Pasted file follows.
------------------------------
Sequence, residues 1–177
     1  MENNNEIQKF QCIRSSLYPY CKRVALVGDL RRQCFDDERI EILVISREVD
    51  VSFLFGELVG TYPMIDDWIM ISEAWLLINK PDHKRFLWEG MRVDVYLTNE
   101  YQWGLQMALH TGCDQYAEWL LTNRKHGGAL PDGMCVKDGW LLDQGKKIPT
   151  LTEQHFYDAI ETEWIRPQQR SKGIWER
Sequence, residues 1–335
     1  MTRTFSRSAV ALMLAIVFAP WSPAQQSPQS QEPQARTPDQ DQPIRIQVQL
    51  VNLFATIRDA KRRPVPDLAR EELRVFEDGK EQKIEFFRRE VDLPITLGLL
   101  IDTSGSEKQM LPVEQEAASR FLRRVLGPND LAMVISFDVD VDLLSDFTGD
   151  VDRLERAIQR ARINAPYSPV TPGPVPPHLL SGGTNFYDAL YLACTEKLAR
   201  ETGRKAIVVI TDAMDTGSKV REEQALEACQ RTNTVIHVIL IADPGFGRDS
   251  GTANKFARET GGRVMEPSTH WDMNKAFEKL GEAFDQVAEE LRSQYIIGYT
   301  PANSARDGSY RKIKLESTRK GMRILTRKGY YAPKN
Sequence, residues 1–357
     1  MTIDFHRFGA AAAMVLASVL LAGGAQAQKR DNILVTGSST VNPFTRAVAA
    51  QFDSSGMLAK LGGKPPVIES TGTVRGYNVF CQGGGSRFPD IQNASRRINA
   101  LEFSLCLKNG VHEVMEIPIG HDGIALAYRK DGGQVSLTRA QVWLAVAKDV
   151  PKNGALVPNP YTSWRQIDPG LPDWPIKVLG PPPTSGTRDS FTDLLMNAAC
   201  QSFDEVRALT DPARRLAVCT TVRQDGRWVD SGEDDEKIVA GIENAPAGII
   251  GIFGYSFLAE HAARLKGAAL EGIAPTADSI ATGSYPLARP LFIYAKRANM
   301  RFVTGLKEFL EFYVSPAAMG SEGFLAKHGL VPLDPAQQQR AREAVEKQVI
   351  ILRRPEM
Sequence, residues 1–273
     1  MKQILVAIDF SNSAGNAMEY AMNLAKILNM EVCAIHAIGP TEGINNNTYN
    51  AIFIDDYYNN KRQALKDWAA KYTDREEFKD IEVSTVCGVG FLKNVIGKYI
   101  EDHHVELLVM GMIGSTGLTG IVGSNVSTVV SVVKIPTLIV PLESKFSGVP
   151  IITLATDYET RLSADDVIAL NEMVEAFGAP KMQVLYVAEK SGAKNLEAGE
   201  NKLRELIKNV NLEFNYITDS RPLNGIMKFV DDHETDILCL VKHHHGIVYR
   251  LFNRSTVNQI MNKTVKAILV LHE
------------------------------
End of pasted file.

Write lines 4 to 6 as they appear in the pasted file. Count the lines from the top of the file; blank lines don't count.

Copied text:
   101  YQWGLQMALH TGCDQYAEWL LTNRKHGGAL PDGMCVKDGW LLDQGKKIPT
   151  LTEQHFYDAI ETEWIRPQQR SKGIWER
Sequence, residues 1–335